The group responsible for the 2011 Rugby World Cup says it's possible pool matches might be played in up to 15 venues.
Rugby New Zealand 2011 said it has received proposals from groups representing 11 regions, to host games and teams.
Chief executive Martin Snedden says the response has been exceptional and demonstrates how much the regions want to be involved.
Mr Snedden says it provides the country with the perfect platform to deliver on their collective vision of "A Stadium of Four Million".
"We're absolutely determined to make this a nationwide tournament, it's not an Auckland-centric tournament, it's not just a tournment that is based only in three cities," he said.
"We want New Zealand as a whole to get a chance to directly experience the Rugby World Cup."
Match venues and the schedule are expected to be announced in mid-March, while team bases will be announced later in 2009.
In September, it was announced Auckland, Christchurch and Wellington would host all matches from the quarterfinals on.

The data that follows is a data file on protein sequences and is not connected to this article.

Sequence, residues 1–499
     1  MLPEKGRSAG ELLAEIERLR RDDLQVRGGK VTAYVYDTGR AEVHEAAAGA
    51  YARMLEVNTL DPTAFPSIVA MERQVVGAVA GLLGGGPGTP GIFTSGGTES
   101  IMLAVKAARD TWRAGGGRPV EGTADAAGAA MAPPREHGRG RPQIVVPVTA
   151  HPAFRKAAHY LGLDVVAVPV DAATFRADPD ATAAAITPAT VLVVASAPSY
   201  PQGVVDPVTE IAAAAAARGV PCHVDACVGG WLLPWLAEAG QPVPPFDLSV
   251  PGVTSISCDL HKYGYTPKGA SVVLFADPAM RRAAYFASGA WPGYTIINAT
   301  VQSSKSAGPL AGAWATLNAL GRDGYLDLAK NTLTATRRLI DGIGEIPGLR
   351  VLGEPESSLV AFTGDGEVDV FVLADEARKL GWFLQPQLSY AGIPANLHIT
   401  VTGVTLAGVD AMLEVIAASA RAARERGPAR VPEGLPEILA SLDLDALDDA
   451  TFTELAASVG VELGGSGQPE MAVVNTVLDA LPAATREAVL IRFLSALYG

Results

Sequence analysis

Regions which applied to host pool matches are: Northland, Auckland, Hamilton, Bay of Plenty, Hawke's Bay, Taranaki, Manawatu, Wellington, Nelson-Tasman, Christchurch and the Southern Region (Otago-Southland).
Auckland and the Southern Region's proposals contain three venues, while the Bay of Plenty's proposal includes two venues.
Regions which applied to host teams only are: Marlborough, Tairawhiti (Poverty Bay-East Coast), Taupo, Aoraki Region (Timaru), Ashburton, West Coast and Wanganui.
Super 14 player plan
The Australian Rugby Union boss John O'Neill has called for an open player market between the Tri-nations competitors to help curb a talent drain to Europe.
O'Neill proposes All Blacks, Springboks and Wallabies be able to roam freely between Super 14 clubs.
He says even the prospect of seeing Wallabies pin-up Matt Giteau running out for the Auckland Blues was far more desirable than continually losing players to cashed-up European clubs.
The ARU's current policy is not to select overseas-based Australians for the Wallabies.
But O'Neill says times have changed and, estimating the "English and French rugby economies were five times that of the southern hemisphere nations", radical measures were needed.